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Arrested as a Transvestite

Tuesday, Jun 11, 2013

True Stories

So, guess who got arrested for a domestic squabble? Yep, you guessed right. This article isn't about the squabble because it is a private affair. Instead, this is about the experience of being arrested.

So if you've been following the comic, it's being gifted with themes involving cross-dressing and other transgender-oriented issues, but at the time of writing, nothing has really matured yet. These themes are obviously personal to me, as is the rest of what appears in the comic. I'm sure you can guess why...

The arrest

So there I was, wearing a skirt, tank top, and bra, and a police officer was putting handcuffs on me. With the fight still on my mind, and feeling like I was in the right, I was about to be taken to a place where cross-dressers and any other transgender person are reputed to be treated very badly. In short, I was a man who had not yet been charged with a crime being put in a situation where the "cruel and unusual punishment" and "due process" rights could very well get violated. I'll admit it, I was scared.

I asked to be allowed to change clothes before going and was assured I'd get to change quickly. I pointed out that when I got out, this would be what I had and denied the opportunity to change clothes because of procedures. So at some point in my future, I would be let out of jail either downtown or out in the county jail in Del Valle with only what I had in my possession at the time of my arrest. Again, denied, but apologetically so.

I sat down in the cop car more worried about my future than I've ever been.

When I got to the cop shop, I was walked in pretty quickly and seated on the bench where you wait to be searched. As a procedure, you get checked in, initial paperwork is done by the arresting officer (I think he writes up his report at this time, too), your belongings are carefully searched and inventoried, and then you are searched and your clothes inventoried. Since the arresting officer has already frisked you, there's not much involved in this search, but you are never allowed out of sight of a police officer.

So I sat down on the far end of the bench, noticing as I did that there was a somewhat scantily clad and quite attractive lady sitting on the near end. The forced separation of genders in this situation struck a nerve in me, as you'd expect. Should I sit one side of my body on the girls' side? Would they allow me to? Obviously not. She kept a close eye on me, and I got the distinct feeling I saw a blend of curiosity and attraction. Before I got to sit, however, four men were brought in to sit on the bench. Three of them ignored me.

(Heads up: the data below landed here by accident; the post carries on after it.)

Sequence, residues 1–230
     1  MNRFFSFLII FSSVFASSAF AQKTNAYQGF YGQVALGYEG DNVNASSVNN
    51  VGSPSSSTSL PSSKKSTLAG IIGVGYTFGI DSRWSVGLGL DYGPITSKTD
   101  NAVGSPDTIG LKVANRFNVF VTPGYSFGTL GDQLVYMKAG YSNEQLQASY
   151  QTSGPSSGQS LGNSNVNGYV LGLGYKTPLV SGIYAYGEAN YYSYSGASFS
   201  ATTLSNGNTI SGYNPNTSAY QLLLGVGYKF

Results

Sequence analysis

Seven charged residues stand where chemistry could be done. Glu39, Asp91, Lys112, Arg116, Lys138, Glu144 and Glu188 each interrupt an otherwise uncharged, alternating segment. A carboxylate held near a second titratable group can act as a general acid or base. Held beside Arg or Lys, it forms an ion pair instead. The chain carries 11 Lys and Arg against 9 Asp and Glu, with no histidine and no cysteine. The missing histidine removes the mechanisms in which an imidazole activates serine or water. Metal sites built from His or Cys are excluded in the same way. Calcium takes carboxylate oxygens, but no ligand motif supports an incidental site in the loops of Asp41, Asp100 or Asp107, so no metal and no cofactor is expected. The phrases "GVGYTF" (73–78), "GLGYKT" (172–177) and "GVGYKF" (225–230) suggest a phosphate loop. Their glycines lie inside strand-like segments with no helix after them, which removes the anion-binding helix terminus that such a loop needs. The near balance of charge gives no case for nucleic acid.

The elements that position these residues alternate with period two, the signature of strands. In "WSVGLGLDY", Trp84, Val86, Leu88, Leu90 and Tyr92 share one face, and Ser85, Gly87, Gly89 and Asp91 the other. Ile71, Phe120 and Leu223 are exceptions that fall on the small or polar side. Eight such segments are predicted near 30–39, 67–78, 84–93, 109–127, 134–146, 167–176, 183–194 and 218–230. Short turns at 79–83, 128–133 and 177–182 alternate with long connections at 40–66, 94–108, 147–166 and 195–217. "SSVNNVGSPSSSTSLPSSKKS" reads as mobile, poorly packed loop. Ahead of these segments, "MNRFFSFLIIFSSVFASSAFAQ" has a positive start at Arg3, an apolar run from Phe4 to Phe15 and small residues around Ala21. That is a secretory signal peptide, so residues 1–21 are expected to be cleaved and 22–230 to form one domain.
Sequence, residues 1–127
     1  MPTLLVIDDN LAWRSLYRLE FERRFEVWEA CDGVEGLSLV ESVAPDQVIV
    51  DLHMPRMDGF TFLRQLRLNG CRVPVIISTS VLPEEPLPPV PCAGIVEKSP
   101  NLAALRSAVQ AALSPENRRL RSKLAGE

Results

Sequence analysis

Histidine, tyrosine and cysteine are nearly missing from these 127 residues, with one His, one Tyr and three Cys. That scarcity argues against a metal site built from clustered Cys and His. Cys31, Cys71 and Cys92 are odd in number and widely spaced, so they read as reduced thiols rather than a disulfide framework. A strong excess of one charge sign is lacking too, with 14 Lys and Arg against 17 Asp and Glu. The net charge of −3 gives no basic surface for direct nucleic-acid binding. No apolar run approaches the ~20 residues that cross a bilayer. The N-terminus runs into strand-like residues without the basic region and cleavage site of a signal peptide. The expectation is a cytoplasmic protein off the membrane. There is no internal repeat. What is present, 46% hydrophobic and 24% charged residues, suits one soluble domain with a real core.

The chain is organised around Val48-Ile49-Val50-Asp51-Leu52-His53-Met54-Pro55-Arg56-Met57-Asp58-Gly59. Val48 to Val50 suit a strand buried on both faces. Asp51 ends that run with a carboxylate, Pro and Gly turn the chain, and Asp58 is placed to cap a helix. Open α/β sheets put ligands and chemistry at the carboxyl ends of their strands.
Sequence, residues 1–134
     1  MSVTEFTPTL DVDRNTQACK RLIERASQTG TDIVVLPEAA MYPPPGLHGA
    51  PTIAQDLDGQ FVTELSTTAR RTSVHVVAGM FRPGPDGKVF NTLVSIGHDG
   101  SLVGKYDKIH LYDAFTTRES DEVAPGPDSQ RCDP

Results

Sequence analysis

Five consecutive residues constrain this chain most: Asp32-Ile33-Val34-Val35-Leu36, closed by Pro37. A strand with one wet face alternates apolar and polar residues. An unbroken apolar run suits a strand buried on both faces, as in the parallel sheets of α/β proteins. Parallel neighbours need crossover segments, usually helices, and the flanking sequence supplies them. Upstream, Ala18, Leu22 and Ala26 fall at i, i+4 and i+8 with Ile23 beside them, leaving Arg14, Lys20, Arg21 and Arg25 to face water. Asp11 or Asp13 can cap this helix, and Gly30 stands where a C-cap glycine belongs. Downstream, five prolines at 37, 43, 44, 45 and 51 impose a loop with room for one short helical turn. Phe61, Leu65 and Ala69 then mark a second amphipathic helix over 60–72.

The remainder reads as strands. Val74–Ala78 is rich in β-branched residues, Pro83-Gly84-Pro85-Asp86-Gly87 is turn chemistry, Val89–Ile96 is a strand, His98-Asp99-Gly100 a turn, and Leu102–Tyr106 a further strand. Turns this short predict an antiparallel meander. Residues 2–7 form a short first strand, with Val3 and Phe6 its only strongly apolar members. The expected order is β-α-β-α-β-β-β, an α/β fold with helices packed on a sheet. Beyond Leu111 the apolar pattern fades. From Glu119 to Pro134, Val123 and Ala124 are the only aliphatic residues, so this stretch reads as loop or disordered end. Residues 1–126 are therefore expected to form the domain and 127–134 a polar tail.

One did not.

He had a staring problem. Realizing this could be the first of a series of unpleasant encounters, I decided to try a little domination. I met his eyes and held them, thinking every powerful thought I could, until he finally looked away.

Then I sat down.

A few minutes later, they called the girl up to inventory her belongings. They had her put a jail uniform over her clothes and sent her to the area populated by plushy blue couches that are obviously moveable and difficult to use as weapons.

Then it was my turn.

First, I was taken to a private room, handed a jail uniform, and told to change my clothes. So the arresting officer was right about that. I pulled the bra and tank top off in one smooth motion trying to downplay what was there. The sarong was just tied on, as they are, and they often take themselves off. After donning the uniform, I was reminded of the one part of that wasn't easily removed: I'm not really a waitress. Yep, that was the color on my toe nails.

Then I was taken back and asked to put my clothes in the bag. An officer stood there carefully cataloging everything so that I could get it all back when I got out. The officer who watched me change my clothes spoke very quietly "One black bra". The inventory person wrote it, not saying a word. Then we had the standard "Do you have any allergies?" interview.

Follow the Black Line

"Follow the black line," said the cop. I looked down and saw it, thinking I was about to walk into the general waiting area.

I was wrong. I walked straight to the medical center. I couldn't help but notice that the girl who had gone first hadn't had to go there, leading me to believe I was going to get a quick and dirty psych review. While I was waiting to see what would happen, I exchanged periodic glances with the girl. She seemed very much curious at this point, and if we made any attempt to communicate, there would have been trouble. I thought back to my last arrest and couldn't remember going to the medical station.